Some of us have been banging on about the misogyny of the left for some time. 2012 was the year it became too apparent to ignore. It became clear during the Assange/Galloway furore that a significant part of the left has no time for feminism, sexual freedom or gender equality, which it regards as irrelevant middle class distractions from the glorious struggle against neoliberal imperialism. This is clear in the SWP’s support for far right Islamic fanatics, and it’s long been my contention that many anaemic middle aged leftwing males would rather like a society where women cover up and do as they are told.
Is it a surprise, then, that when rape allegations are made within the party, SWP members rejected the ‘bourgeois court system’ in favour of a hastily convened tribunal consisting of friends of the defendant (but apparently one of them used to volunteer at a rape crisis centre, which makes it okay)? This is a cult. These people do not believe in the rule of law and it shouldn’t raise any eyebrows that they should try to essentially secede from the UK criminal justice system, and treat a serious criminal matter with a bullshit disputes committee process rightly compared to sharia.
Two objections are generally raised at this point. Members have told me that the complainant explicitly stated she didn’t want to go to the police. Maybe so, and that’s her choice. But we also have a duty to listen to people who know the organisation, and have made the choice to walk out. Tom Walker, experienced SWP journalist, has said that:
It is stated that the accuser did not want to go to the police, as is her absolute right if that was truly her decision. However, knowing the culture of the SWP, I doubt that was a decision she made entirely free from pressure.
Do not underestimate the pressure the SWP can bring to bear on members by telling them to do or not do things for the ultimate cause of the socialist society the party’s members are all fighting for.
Objection two is that these are just allegations. The McAlpine rules apply and you can’t convict Comrade Delta in the kangaroo court of public opinion. True again. But there is going to be no due process in this case because the party has decided that there won’t be. Unless the police make an independent decision to investigate, we’ll never know. Even if Comrade Delta is innocent, the whisper of the political village will follow him to the grave.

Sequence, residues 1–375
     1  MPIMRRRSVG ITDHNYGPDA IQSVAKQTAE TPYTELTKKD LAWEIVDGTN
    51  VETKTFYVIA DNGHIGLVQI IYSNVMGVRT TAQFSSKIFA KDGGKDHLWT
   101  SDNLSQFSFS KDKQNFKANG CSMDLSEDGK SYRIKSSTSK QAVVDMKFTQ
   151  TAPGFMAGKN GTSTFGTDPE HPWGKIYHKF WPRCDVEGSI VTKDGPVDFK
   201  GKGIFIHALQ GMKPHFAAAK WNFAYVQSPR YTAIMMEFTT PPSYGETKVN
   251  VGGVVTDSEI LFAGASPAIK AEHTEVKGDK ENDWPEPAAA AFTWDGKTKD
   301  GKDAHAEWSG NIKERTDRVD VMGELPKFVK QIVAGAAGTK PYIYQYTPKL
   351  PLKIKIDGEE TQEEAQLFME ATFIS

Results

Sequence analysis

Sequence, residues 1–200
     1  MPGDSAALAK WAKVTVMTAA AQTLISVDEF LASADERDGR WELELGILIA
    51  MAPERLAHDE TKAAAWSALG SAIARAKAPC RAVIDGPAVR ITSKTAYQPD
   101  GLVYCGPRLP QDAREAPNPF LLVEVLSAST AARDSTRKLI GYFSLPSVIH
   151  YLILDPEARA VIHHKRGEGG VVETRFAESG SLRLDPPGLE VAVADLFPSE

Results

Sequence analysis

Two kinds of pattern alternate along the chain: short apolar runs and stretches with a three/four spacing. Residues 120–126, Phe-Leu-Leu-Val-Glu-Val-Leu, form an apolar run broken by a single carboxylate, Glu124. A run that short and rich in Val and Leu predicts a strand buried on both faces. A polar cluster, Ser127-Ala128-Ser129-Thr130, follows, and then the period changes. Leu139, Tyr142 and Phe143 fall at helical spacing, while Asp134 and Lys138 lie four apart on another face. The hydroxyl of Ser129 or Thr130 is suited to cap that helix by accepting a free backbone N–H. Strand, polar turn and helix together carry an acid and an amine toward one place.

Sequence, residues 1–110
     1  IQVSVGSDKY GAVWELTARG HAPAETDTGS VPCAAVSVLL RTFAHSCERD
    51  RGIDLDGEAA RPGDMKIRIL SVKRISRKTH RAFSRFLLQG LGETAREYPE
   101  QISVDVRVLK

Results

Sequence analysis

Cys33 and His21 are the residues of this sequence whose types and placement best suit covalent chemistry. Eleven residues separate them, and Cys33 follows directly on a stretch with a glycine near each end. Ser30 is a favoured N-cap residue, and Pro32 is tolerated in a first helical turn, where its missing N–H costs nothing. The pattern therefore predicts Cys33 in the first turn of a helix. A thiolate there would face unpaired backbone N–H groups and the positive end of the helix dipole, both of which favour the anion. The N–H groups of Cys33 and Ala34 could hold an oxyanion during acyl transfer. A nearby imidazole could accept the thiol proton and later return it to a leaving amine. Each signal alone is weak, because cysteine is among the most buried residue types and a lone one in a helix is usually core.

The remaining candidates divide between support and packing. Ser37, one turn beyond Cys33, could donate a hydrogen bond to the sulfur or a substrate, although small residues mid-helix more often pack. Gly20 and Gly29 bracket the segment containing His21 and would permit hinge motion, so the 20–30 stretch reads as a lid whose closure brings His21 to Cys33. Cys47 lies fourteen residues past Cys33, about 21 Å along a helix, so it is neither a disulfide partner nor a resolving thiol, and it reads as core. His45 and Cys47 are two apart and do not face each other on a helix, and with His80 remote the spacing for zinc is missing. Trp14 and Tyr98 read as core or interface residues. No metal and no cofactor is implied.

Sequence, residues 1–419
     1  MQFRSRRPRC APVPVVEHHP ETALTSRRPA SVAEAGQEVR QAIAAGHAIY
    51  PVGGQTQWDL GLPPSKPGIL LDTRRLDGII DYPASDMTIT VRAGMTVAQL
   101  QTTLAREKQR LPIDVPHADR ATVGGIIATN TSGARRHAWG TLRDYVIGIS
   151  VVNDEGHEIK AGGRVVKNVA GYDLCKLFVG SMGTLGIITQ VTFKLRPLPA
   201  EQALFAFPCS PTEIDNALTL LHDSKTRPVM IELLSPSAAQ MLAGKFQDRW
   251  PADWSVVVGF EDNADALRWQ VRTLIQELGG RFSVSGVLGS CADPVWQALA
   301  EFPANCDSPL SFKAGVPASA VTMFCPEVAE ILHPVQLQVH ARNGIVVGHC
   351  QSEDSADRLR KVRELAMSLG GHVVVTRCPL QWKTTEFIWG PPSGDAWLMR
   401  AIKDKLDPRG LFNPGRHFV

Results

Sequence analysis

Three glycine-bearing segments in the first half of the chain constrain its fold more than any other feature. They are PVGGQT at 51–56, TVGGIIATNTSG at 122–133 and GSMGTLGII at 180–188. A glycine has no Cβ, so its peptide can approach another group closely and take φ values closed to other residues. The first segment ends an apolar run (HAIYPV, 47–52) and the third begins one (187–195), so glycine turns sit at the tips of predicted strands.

All this we know. This story ain’t going away and we have not heard the last of this. There have been further rape allegations and so much insight, argument and commentary that it’s almost impossible to keep up with it (although Jim Jepps does his best). I just want to pick up on something Paul Anderson has touched on: that there has been far too much credit and good faith given to the SWP ‘oppositionists’.
The best known SWP writers in the UK are probably the novelist China Miéville and my old friend Richard Seymour. Neither has quit the party as far as I know. Both of them have written long condemnathon posts at Lenin’s Tomb, and Seymour has set up a new blog, International Socialism, featuring posts from the rank and file. Their denounciations of the SWP leadership are welcome. But these guys have been cadre for years. Why has it taken a leaked committee report for them to speak out?
The SWP has a great talent for hyperbole. One post on Seymour’s blog shrieks that ‘The entire working class has an interest in what happens in the SWP… the SWP remains, for all I’ve said, the best thing the British working class has at its disposal.’ During the crisis, it has fallen back on its reputation. ‘Our record on women’s rights is SECOND TO NONE,’ a paper seller bellowed at me in Manchester. (Second to none? ‘YES’.) This is bullshit, of course. Close examination reveals SWP claims as defenders of feminism to be lies. The initial allegation was followed by the worst kind of Unilad slut-shaming. Laurie Penny writes: ‘not only were friends of the alleged rapist allowed to investigate the complaint, the alleged victims were subject to further harassment. Their drinking habits and former relationships were called into question, and those who stood by them were subject to expulsion and exclusion.’
Clearly there has been a misogynistic canteen culture within the organisation for decades. And Seymour and Mieville only notice this at the moment the leaked report detonated onto the internet? As Omar says in The Wire: ‘Nigger, please.’
Fact is, the SWP can’t come back from this. It is finished. As the Very Public Sociologist put it:
They are the party that lets an alleged rapist off because a committee of his mates gave him a clean bill of health, and no amount of back-pedalling, no ’democracy commissions’ or truth-and-reconciliation procedures can change that. It’s game over, comrades.
The SWP recruit predominantly from universities and it can’t do that as the SWP after this. The young people coming up now (and by ‘young people’ I don’t mean bloggers in their thirties, I mean people born in 1985-1995) are strongly feminist. Think of a popular young writer or blogger – Laurie Penny, Helen Lewis, Zoe Stavri, Juliet Jacques, the Vagenda team, Sianushka, the Nat Fantastic – and s/he is likely to come from a passionate feminist position. Big grassroots organisations are increasingly feminist and any far left group simply won’t get the numbers without them. The only remaining power play for a far left activist is to disassociate completely with the SWP and set up as some kind of new party that doesn’t have the SWP’s black past. Maybe I’m being too cynical and Richard Seymour really does have the sisterhood’s best interests at heart. But ask yourself: can you really trust a man who writes that badly?